Speech Impediments

Why can't some people talk? It is a common question that is difficult to find the answer to. While most of the causes are unknown, some of the known causes include neurological disorders, brain injuries, mental retardation or simply drug abuse. The effects of speech impairment vary from physical to mental to emotional to social and so on. A speech impediment is any type of communication disorder. These disorders do not only mean that any speech/noise is impossible to make; speech impediments simply means that normal speech is disrupted. When a person has lost all speaking ability, they are considered mute.
Some of these speech impediments include:
  • Stuttering
    • Sounds, syllables, or words are repeated or extended
    • Disrupts normal flow of speech
  • Lisps
    • Individual unable to pronounce silibants
  • Cluttering-
    • Speech literally becomes cluttered with faulty phrasing
    • Not the same as stuttering; does not involve hesitation

By Choice

Some people that are deaf make the choice to not talk because they can't hear words, or how words are actually suppose to sound. They feel that because they can't hear sounds they will not be able to speak correctly, and they feel embarrassed. Also, some deaf people make the choice not to talk because they simply don't know how.

From Voice to None

A person can become mute in a few ways; their voice box and/or brain might be damaged during some point in their life to the extent that they are unable to talk. There is also something called "selective muteness", which is an anxiety disorder in which a person chooses not to speak on their own. This choice can sometimes be brought on by a traumatic event in their life, such as the death of someone close to them or an accident.

Innate Qualities

Some people are not given the choice to not speak at all. There is a small group of people that are born with problems in their throats or vocal cords. Is is also possible that a person can be born with nervous system problems affecting the control of their tongue, breathing, or mouth movements; this is called "physically mute."

-the following post was written by Cat but posted by Erika-

Speed Defect

A speech defect is defined as any condition that causes problems with how someone mentally forms words or how they physically form the words. They can be caused from "organic" abnormalities such as deafness, cleft palate, dental abnormalities, and brain damage. They could also be caused by "functional' abnormalities which are psychological. Treatment of a speech defect can include correcting organic conditions, psychotherapy, and training in proper articulation.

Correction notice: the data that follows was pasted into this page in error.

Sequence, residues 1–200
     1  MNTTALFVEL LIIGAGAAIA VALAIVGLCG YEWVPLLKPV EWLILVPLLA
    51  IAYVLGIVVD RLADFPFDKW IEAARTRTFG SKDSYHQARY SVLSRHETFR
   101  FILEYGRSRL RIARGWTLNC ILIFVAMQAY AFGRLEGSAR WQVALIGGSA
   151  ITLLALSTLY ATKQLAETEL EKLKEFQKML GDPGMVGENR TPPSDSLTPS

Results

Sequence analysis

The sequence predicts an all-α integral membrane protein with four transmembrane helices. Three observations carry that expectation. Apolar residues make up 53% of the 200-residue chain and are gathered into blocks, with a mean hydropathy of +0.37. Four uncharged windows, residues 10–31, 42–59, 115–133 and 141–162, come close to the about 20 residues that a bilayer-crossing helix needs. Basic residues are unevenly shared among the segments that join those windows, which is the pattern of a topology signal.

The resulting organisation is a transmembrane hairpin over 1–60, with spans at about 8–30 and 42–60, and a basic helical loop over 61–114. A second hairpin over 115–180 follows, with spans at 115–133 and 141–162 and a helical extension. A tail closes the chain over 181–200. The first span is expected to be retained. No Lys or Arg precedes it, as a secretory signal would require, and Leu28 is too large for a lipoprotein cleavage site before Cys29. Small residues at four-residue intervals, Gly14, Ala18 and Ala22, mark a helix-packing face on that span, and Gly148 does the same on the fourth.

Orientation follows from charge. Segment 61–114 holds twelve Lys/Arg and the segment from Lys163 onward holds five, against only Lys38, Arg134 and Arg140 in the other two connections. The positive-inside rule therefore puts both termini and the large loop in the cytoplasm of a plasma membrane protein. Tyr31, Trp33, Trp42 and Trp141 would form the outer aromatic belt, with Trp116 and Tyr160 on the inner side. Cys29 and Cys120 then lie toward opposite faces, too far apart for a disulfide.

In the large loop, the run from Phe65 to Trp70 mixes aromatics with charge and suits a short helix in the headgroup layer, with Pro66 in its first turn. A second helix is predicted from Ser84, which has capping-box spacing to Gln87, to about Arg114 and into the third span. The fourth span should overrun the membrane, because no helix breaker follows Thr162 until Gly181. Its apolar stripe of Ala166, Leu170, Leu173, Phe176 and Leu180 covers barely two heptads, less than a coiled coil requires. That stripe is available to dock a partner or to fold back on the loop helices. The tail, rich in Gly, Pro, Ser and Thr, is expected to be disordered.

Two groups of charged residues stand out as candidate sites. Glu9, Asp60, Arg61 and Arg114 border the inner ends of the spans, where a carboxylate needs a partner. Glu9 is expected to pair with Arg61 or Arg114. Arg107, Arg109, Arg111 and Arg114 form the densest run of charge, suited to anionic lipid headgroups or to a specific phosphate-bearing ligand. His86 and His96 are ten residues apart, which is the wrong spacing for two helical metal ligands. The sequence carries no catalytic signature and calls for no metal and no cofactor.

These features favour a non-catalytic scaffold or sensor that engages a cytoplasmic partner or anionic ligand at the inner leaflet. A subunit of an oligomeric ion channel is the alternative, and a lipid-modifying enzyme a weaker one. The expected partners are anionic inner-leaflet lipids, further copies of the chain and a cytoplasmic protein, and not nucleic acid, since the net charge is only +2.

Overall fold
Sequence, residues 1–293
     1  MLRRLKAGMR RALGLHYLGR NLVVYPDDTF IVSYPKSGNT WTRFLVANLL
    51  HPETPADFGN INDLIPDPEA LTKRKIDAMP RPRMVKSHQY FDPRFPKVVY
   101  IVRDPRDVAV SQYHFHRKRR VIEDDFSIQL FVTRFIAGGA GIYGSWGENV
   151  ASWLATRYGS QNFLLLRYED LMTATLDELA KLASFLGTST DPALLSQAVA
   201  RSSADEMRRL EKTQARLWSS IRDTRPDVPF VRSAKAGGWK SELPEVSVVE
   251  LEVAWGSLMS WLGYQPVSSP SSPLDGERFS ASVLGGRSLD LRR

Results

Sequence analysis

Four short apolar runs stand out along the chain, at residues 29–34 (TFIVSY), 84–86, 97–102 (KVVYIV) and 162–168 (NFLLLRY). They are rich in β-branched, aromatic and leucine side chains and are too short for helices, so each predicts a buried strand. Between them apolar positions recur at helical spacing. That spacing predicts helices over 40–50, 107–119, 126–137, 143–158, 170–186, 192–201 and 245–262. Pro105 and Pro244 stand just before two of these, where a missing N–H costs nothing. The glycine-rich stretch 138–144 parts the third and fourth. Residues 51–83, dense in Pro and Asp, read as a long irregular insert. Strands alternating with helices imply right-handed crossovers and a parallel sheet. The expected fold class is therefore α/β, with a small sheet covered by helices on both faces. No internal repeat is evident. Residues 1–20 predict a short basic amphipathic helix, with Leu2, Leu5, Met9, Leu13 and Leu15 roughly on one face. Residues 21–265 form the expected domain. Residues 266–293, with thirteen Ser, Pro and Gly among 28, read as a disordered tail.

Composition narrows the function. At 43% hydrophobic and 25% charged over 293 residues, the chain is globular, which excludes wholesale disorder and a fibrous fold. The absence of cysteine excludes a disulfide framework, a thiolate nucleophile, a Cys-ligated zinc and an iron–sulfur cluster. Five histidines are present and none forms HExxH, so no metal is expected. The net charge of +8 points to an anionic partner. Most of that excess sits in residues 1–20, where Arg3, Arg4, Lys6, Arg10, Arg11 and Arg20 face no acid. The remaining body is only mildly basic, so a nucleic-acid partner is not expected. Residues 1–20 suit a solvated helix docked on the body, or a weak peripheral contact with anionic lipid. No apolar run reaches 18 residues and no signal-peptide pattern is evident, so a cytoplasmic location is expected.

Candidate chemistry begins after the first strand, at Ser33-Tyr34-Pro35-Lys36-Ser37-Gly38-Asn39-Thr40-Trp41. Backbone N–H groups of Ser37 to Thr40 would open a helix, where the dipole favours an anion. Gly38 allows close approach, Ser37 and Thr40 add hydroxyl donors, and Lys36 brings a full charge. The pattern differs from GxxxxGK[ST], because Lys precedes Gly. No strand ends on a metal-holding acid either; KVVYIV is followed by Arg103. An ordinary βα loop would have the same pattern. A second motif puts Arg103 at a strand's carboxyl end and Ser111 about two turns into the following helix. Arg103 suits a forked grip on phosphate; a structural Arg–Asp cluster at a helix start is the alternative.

One way someone works on fixing a speech defect is working with a speech-language pathologist. They would work on helping kids fix articulation problems, which is when a word or sound comes out wrong (an example is run coming out as won or lisps). Also, they work on fluency disorders, this is when a child has problems with saying a complete word and often repeats sounds (an example is a stutter). They work on resonance, which is when people can't understand what a child is trying to say (they often sound like they have a cold). Finally, they work with language disorders, which is when a child might have trouble understanding people and putting words together to express a thought.
A child might go to a pathologist for many reasons, often because of a medical concern such as hearing impairments, weak muscles around the mouth, a cleft lip or palate, autism, breathing disorder, or a swallowing disorder. A child going to a speech therapist would first be tested to see what kind of problems they have, and what are causing them. After they are diagnosed, the therapist would work on the child by having them practice sounds . Often they show the child how to make the sound, and then the child would try to copy it while watching themselves make the sound in a mirror.

An example from my life:

In elementary school we had little buddies, our buddies were kids in lower grades that we were assigned to talk with and play with. I was assigned a little girl with a speech defect. She had had ear infections as a kid and couldn’t hear herself when she was learning to speak, because of this she had started seeing a speech pathologist when she was older and could hear again. I found when I was talking to her that she was extremely sweet, but if she was having trouble speaking she would be very shy. The most important thing I learned when working with her was to help her learn to say the write words and getting her to speak her mind, because a lot of the adults would nod their head and go on without trying to understand her. This only makes her close off and speak less. If you keep talking to her and connect with her, she speaks more, and she was able to practice her speaking and eventually speak without a problem.